I got a link to this from my 12yo daughter. Started explaining to her what to look for and what the data means. Due to work load din’t have the time to try to reverse engineer this and simple attempts didn’t lead anywhere. I found your post and love the degree of effort you have put in and your coding and decoding skills.
    I do not know what you do, but there are plenty of openings here at Microsoft for such skills. If you are interested, contact me and I will see if we can setup an interview in my team at the least. :)

  24. Hi there,

    I am currently studying at the University of Strathclyde, Glasgow. So, if anything, it would have to be summer placement or part time or something as I do wish to complete my degree.

    If you wish to contact me, you can grab my email from the “about” page.

  25. Hey,

    Found the link to the can-you-crack-it surfing, and sent it to a few codemonkeys I know. That’s as far as my 40 year old skills could take me. One of them sent me back your solution and we were all immediately a) impressed, and b) depressed ;). You did what they couldn’t, and I couldn’t attempt. Well done!

    Definitely get your degree and pursue your interests. Don’t pass up the opportunities to apply or talk with some of the folks that offer, though. Information, assistance, and like-minded brains can spur your self-education and direction of interest more than you know. As someone who won’t get to do those things, I hope you do.

    Be well, do well, and have fun!

    Kindest, Chris

  26. I wish I could learn how to code like that. I will take it up in college, for nor I am just sitting on knowledge of how binary works….

  27. Thank you for the kind words Chris! I’ll definitely take what you’ve said on-board! Much appreciated!

    @Fred, Ah the programmers puzzle. Life is too short for “i wish” unfortunately. You should buy a book or access an online resource and just play around with a language or a VM. You’ll get to grips with how things work. It will all add up together and with that knowledge you can apply it to a real problem. Either directly, or indirectly.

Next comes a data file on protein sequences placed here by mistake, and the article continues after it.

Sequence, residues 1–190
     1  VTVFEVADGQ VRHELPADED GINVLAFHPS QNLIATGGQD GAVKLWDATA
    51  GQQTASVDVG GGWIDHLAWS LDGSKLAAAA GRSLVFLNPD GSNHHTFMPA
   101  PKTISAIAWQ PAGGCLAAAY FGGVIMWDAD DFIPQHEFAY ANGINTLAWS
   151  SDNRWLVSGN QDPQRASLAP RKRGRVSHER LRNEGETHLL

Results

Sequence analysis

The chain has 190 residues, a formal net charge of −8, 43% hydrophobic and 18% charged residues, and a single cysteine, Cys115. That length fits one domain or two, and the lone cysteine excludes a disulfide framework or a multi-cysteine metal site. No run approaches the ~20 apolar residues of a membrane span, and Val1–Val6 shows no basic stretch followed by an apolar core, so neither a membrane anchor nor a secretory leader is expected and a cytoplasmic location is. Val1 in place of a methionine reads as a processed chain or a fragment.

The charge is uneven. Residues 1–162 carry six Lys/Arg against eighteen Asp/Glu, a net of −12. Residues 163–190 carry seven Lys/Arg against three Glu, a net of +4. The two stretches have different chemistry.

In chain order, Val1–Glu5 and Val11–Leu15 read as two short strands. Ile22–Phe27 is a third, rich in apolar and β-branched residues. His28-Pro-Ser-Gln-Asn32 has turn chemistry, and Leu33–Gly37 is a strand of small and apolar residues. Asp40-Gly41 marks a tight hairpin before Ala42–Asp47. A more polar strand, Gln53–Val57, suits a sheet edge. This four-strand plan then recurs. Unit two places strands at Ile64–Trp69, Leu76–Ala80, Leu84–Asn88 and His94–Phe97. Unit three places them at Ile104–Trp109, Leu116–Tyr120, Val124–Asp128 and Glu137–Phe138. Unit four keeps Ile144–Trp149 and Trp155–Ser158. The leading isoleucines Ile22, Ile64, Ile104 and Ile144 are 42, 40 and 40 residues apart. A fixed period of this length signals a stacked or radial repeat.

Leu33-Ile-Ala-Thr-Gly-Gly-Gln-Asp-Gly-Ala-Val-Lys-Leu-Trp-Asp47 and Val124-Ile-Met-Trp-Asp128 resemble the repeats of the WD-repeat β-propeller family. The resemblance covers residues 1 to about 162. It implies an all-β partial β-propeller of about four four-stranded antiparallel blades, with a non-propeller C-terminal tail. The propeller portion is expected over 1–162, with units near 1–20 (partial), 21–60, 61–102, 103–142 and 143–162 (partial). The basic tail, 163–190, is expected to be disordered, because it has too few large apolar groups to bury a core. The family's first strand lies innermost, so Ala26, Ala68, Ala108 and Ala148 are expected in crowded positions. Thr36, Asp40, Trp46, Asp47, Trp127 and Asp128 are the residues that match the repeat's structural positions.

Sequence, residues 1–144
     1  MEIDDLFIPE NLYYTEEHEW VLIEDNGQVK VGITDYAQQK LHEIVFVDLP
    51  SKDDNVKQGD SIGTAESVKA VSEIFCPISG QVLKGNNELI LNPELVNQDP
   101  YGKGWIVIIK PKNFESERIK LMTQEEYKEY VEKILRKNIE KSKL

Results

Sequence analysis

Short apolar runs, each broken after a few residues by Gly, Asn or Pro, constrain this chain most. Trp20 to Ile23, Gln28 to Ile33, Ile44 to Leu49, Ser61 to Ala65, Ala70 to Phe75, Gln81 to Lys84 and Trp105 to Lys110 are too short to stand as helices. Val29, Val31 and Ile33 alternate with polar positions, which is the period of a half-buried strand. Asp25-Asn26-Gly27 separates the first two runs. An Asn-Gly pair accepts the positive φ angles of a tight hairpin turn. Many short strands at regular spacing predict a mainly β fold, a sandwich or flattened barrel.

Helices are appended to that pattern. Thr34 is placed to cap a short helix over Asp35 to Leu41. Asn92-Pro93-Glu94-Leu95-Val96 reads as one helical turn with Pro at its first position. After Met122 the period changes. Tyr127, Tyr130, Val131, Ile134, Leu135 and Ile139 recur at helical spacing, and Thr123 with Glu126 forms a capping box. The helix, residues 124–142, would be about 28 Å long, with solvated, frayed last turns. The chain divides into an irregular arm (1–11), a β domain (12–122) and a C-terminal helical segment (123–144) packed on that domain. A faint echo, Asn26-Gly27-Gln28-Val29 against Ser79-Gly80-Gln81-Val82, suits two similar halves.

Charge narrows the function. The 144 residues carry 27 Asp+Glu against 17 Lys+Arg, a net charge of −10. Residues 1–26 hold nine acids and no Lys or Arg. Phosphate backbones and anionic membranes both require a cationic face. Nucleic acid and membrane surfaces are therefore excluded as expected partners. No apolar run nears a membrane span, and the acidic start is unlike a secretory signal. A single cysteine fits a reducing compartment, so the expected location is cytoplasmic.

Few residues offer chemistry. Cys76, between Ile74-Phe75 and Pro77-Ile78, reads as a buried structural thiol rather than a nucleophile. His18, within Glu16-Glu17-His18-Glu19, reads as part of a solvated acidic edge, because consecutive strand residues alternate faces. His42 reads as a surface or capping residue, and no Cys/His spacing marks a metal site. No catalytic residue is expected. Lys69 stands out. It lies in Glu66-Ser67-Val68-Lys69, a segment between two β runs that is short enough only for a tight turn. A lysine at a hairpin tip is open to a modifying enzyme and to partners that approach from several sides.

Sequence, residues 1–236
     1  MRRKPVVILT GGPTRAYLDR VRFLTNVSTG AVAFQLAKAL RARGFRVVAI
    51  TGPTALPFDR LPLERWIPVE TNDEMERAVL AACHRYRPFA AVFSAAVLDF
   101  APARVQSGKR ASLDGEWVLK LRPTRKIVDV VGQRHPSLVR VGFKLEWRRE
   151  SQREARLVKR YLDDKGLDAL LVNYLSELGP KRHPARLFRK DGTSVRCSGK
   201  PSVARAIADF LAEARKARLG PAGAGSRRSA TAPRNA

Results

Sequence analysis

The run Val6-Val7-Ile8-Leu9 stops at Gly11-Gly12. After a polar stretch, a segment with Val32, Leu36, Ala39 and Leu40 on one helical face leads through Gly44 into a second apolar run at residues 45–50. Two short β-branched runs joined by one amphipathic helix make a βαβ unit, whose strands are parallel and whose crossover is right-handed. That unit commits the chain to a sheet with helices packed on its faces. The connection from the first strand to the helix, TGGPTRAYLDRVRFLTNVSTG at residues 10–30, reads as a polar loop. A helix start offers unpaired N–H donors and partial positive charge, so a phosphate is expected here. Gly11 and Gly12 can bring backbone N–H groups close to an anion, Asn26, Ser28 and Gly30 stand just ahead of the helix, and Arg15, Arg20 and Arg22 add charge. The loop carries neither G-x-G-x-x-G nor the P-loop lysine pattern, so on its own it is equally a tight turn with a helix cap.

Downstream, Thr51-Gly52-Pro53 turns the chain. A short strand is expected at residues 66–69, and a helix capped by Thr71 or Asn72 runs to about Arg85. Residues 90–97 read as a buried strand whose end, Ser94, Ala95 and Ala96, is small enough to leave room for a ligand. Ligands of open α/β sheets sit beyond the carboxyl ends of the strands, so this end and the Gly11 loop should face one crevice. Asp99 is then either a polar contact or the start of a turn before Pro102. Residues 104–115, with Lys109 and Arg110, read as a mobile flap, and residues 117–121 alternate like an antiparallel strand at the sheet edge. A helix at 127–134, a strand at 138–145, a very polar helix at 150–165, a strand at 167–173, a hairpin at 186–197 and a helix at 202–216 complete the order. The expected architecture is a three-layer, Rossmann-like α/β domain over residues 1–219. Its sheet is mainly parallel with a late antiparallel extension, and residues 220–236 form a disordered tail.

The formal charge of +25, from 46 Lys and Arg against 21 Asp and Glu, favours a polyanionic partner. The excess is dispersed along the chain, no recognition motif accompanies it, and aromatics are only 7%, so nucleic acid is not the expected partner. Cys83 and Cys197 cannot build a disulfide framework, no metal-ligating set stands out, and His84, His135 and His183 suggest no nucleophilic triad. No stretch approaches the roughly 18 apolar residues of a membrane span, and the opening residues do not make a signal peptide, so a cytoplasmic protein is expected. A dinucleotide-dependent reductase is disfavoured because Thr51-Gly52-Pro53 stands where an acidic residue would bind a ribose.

28. Hi Davee, this is an excellent solution; well explained too (to those who can understand it — not me :P), which is important as it shows your thought process.

    I would like to pose you a question that someone else above posed: how did you (without studying for a degree in computer science/equivalent) acquire the skills to be able to do this? There’s a lot of specialised skills needed from what I can see: e.g. reverse engineering code, debugging, assembly language, etc.

    I thought I’d give it a try for a laugh: I did simple stuff like convert to decimal, run it through two’s complement, render the binary as ‘art’, render the hex on the website as XBM, get Firefox to interpret the hex (converted to ASCII) as various character encodings… I feel stupid now!

    Good luck if you manage to get the job; serve our country well!

  29. @FSHero: By being REALLY interested in how your computer works and slugging through arcane texts on assembly and C. Same stuff my generation did with old Z80 machinces because we didn’t have much choice but to.

    Whatever the case is, our young codebreaker is one very very promising dude, and if I had the money i’d be houdning him to work for me.

    But I don’t so I can merely give a standing ovation!

  30. @FSHero: Shayne is right, it’s just a hobby of mine. I started programming quite young and got involved in various communities around the internet. There is so many resources on the internet and so much open source code that you can learn from lots of peoples’.